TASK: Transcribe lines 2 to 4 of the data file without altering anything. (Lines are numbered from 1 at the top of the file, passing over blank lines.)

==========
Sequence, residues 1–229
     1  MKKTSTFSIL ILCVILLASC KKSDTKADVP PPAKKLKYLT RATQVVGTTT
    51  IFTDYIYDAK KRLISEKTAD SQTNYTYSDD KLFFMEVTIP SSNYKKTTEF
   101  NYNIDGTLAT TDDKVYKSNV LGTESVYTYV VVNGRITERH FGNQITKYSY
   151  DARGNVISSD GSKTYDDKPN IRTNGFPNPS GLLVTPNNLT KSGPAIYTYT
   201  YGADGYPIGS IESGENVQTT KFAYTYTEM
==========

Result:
     1  MKKTSTFSIL ILCVILLASC KKSDTKADVP PPAKKLKYLT RATQVVGTTT
    51  IFTDYIYDAK KRLISEKTAD SQTNYTYSDD KLFFMEVTIP SSNYKKTTEF
   101  NYNIDGTLAT TDDKVYKSNV LGTESVYTYV VVNGRITERH FGNQITKYSY